The Romance of the Three Kingdoms series is the Madden Football of console strategy games. Each year a new installment is released with slightly tweaked rosters, a few new music tracks, and maybe a couple of novel, off-the-field modes to play with. Despite the slight differences though, the actual gameplay never changes drastically, and the objective is always the same: to win the Super Bowl, which in the case of the Three Kingdoms games means to unify ancient, war-torn China. Koei's 10th Romance of the Three Kingdoms game doesn't do much to mark the occasion, but it still offers the same esoteric war strategy experience that keeps dedicated fans coming back time and time again.
Romance of the Three Kingdoms X is set in the same period of Chinese history as the previous games, which are all based on the 14th-century novel by author Luo Guanzhong. The story is a somewhat fictionalized account of the end of the Han Dynasty in the second and third centuries AD. This installment in the series lets you experience history by playing as one of 650 prominent characters from the period. If you prefer to write your own history, you can use the fairly robust create-an-officer mode to design a character to your own specifications. Once you've chosen an officer--or created your own--you can play several different scenarios, each of which starts you off in a different situation to challenge you to adapt your strategy to fit a variety of circumstances.
For further variety, you can choose to play the game in historical or fictional mode, depending on how closely you want to stick to the actual storyline. In historical mode all of the officers will act as they did in the story, and major historical events will occur regardless of your involvement. If you choose to play in fictional mode, officers will act differently, and the historical events will be turned off. In both modes, you can choose to play as a free officer, vassal, prefect, viceroy, or sovereign, depending on how much control you want to exert over your surroundings. If you're feeling ambitious, you can form your own rogue army and start capturing cities to build your force and eventually become a powerful ruler. Or, if you prefer, you can simply travel around the countryside as a free officer fulfilling requests or socializing with other officers. The game ends when every city in China is under the control of one force or another, which will eventually happen no matter how you choose to play the game. Based on how you spend your time in the game, you'll get one of a number of different endings. So, while the main storyline doesn't change drastically from game to game, your perception of it does, since the life of a ruler is much different from that of a low-ranking officer.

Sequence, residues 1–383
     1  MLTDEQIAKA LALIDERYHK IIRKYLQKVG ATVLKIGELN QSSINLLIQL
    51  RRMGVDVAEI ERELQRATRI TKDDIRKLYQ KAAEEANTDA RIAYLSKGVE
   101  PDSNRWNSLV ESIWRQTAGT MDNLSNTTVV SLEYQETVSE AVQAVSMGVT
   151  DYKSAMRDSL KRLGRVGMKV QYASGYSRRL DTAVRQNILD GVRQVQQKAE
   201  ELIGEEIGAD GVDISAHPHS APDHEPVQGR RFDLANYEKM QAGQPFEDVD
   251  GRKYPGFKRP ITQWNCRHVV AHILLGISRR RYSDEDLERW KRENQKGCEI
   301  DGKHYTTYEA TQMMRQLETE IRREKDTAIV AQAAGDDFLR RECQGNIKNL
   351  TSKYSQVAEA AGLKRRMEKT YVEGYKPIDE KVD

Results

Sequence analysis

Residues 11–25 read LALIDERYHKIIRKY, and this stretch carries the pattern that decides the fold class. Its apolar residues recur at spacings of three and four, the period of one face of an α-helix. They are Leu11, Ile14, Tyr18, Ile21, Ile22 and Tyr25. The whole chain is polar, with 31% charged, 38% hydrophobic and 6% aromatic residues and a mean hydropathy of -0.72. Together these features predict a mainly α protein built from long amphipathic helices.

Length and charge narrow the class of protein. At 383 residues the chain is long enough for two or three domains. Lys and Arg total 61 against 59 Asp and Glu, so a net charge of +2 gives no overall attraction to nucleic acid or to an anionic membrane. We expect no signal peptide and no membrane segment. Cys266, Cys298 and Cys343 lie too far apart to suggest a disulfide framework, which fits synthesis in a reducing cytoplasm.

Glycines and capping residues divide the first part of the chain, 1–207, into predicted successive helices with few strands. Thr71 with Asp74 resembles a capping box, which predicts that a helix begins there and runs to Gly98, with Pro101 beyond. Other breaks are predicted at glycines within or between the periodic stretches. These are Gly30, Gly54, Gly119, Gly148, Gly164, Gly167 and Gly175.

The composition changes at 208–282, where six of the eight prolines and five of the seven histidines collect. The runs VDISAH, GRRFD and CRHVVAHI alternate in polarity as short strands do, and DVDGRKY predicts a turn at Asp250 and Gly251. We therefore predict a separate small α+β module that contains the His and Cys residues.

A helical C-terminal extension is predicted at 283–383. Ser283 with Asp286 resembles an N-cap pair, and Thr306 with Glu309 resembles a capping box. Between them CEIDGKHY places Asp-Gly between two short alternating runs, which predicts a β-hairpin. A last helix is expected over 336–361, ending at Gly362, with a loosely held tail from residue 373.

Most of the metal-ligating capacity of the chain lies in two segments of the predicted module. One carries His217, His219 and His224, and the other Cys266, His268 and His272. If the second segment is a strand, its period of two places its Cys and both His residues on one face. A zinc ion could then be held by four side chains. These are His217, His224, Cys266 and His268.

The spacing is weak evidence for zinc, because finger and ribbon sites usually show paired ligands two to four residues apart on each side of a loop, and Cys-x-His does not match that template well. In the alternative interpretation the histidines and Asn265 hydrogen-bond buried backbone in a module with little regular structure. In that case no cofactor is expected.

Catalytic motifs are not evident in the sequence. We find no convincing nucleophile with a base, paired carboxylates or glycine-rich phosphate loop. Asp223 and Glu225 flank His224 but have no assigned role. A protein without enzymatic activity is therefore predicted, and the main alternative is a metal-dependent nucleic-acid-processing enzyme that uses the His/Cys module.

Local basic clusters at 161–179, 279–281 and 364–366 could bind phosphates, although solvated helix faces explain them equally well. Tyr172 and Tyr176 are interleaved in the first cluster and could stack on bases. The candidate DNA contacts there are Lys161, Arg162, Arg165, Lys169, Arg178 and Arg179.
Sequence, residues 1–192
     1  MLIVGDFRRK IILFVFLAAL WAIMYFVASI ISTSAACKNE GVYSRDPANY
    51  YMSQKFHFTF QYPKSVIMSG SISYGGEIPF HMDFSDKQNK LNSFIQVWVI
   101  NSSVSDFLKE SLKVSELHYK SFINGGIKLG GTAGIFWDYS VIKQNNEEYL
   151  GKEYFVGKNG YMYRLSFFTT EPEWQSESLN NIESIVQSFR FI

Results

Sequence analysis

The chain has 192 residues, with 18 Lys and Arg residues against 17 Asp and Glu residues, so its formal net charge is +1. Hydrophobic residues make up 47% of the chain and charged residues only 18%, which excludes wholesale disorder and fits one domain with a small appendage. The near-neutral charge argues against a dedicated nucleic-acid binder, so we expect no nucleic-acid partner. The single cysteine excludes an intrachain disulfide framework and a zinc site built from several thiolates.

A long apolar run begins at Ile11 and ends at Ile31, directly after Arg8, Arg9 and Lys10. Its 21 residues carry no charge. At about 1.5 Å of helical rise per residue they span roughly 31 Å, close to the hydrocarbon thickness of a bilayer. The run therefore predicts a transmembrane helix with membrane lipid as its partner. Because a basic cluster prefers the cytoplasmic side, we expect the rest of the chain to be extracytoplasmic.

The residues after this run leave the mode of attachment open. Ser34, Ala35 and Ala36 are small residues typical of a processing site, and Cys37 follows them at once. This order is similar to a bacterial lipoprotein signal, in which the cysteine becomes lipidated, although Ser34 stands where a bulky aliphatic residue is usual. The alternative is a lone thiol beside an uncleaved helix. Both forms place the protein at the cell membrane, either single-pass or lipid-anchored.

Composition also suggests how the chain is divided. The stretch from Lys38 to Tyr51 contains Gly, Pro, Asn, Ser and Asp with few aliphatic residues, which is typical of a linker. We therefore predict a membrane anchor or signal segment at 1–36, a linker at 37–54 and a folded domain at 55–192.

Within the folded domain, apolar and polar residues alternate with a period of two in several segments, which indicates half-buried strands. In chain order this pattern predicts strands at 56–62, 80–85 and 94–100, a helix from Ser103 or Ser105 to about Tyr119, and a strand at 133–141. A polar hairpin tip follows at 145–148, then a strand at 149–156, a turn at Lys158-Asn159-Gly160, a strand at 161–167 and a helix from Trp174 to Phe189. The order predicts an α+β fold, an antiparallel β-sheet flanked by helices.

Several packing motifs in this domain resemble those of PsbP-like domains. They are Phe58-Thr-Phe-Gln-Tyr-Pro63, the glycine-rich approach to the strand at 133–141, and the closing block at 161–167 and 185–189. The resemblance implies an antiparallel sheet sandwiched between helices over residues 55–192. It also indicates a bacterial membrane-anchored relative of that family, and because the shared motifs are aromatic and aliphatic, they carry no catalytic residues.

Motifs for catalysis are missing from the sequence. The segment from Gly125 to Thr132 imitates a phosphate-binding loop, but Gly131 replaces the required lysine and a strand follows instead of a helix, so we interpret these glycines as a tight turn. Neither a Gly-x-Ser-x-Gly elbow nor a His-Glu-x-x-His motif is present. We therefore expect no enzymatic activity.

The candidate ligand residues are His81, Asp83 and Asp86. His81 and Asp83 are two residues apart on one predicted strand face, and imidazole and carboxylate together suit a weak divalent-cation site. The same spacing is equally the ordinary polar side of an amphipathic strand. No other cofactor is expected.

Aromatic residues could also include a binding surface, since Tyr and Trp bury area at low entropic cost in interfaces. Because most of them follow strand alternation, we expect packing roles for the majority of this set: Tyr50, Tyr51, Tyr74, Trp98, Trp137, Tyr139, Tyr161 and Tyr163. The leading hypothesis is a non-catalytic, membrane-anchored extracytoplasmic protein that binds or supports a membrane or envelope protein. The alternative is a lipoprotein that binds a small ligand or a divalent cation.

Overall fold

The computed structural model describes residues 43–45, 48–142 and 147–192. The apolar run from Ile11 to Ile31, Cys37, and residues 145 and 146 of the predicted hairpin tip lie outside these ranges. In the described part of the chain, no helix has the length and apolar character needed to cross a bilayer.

Although the game experience varies depending on your choices, the outcome of those choices will still be represented by a number of different stats such as fame, loyalty, strength, and social standing. As a result, your efforts in the game are simply translated to numbers in one of the countless menu screens you'll be using to issue commands, check your status, or gather information. For veteran strategy game players, this is familiar territory, but newcomers will be left wanting something a bit more substantial than a bunch of numbers. At times you'll get so bogged down in the menus that the game will play more like a text-based adventure game than a strategy game. Hit a button to allocate funds, hit another to allocate forces, hit it again to sell food, and hit it again to repair your city's defenses--this is pretty much what you'll spend most of your time doing in Romance of the Three Kingdoms X. Fortunately, Koei has done a pretty good job of designing the interface to be fairly clean and straightforward. Some selections are oddly buried under seemingly unrelated headings, but for the most part everything is organized and automated enough to prevent the experience from becoming too frustrating. Simple solutions, such as hitting the circle button to quickly verify a command rather than clicking through several confirmation screens, help to keep the game from grinding to a halt. However, the menu-driven gameplay still gets tedious at times, and if you end up ruling a large force, you'll spend much of your time completing menial micromanagement tasks rather than plotting your dramatic and heroic conquest of China.